Reproductive factors are collected via questions on pregnancies (number and outcomes), children (number and sex), age at first birth and infertility (if appropriate). In addition, women are requested to give the name of their doctor gynaecologist and/or GP, to be contacted in order to enable validation studies on the reported consumption and brands of OCs and/or MHTs.
Questions about medical history are focused on history of cancer and lung diseases, including infections (like pneumonia or tuberculosis), and fibroses linked to carcinogenic exposures (asbestosis, silicosis). The history of cancer in first-degree relatives of the subjects is also collected.
For each subject, height is collected and weight is measured. Changes in weight during adulthood by decade are also recorded, both in kilograms and size clothing.
Data on smoking habits are carefully gathered and include cigarette smoking, with beginning and end dates, together with quantity per day and type of cigarettes (blond or brown tobacco, filtered or not, brand) for each smoking episode. Specific questions are dedicated to smoking of cannabis, with quantity per day, beginning and end dates, and to passive smoking at work or at home.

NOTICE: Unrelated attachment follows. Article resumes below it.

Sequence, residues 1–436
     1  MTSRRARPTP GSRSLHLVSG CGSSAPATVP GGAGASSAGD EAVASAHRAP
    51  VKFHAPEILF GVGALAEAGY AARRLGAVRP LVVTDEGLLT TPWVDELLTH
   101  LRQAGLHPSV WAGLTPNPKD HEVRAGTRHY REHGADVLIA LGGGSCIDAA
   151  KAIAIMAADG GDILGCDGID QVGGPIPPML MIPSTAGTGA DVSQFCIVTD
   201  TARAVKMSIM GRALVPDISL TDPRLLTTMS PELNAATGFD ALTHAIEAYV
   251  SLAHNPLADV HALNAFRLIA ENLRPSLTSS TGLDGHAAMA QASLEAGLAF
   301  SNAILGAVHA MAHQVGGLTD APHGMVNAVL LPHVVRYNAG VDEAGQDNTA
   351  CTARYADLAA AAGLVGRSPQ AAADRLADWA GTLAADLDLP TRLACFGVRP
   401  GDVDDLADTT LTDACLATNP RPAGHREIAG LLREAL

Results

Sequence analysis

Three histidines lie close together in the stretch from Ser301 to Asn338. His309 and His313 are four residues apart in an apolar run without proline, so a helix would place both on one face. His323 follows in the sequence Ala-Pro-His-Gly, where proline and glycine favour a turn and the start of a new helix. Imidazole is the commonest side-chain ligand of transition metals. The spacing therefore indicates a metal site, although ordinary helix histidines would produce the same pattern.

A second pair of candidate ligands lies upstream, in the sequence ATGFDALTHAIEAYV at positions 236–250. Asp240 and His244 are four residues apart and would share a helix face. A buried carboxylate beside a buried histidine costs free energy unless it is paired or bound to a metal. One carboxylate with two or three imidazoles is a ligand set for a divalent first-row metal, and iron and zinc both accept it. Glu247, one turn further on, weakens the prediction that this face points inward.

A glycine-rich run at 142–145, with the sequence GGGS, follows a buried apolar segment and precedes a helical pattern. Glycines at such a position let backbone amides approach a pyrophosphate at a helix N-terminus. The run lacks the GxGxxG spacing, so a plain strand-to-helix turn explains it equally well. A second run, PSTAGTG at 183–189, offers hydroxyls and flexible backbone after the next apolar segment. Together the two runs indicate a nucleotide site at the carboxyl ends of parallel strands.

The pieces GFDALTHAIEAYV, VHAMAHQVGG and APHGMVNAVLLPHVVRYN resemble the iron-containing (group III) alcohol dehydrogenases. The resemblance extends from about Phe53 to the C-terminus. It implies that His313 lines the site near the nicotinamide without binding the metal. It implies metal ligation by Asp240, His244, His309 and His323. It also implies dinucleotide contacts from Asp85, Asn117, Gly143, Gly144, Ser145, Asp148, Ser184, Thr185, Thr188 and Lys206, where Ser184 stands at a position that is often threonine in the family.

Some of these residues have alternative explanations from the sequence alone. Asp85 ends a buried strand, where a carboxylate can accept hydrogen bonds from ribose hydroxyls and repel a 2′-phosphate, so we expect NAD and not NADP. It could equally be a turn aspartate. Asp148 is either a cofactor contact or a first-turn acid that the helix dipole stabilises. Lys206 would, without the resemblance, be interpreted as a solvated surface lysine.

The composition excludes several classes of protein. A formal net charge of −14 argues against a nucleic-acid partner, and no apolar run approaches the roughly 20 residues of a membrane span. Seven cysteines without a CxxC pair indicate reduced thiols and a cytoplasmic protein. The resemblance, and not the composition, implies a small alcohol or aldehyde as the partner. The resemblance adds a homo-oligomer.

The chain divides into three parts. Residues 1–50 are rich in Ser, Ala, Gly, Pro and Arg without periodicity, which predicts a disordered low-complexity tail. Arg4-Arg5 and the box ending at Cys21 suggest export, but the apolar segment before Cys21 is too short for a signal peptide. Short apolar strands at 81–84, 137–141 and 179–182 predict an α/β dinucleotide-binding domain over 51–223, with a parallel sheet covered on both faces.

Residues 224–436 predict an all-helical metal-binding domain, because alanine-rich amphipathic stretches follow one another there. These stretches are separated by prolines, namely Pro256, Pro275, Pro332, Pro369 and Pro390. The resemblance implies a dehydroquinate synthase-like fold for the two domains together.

The occupational questionnaire includes general questions on work history and, for each job, information on the activity and products of the company, a description of the tasks performed (nature, frequency, equipment used) and a description of the work environment. In addition, specific questionnaires have been developed concerning tasks, jobs and sectors that are frequently found or are considered of particular interest for the study: house cleaning, dry cleaning and laundry, hairdressing, catering and cooking, health, beauty therapist, nail salons.
Finally, for each job interviewers collect an accurate description of the working hours, the duty cycle over a weekly period, and the number of working days per week, in order to be able to consider troubles in circadian rhythm.
Clinical data and follow up
Research nurses collect clinical characteristics and vital status of the cases in medical records every 6 months for 3 years and then every year for 2 years. Information about diagnosis and medical care are gathered such as tumour localization, presence of metastasis, histological type, molecular profiling of tumours if available, stage and TNM classification, therapeutic decisions and responses.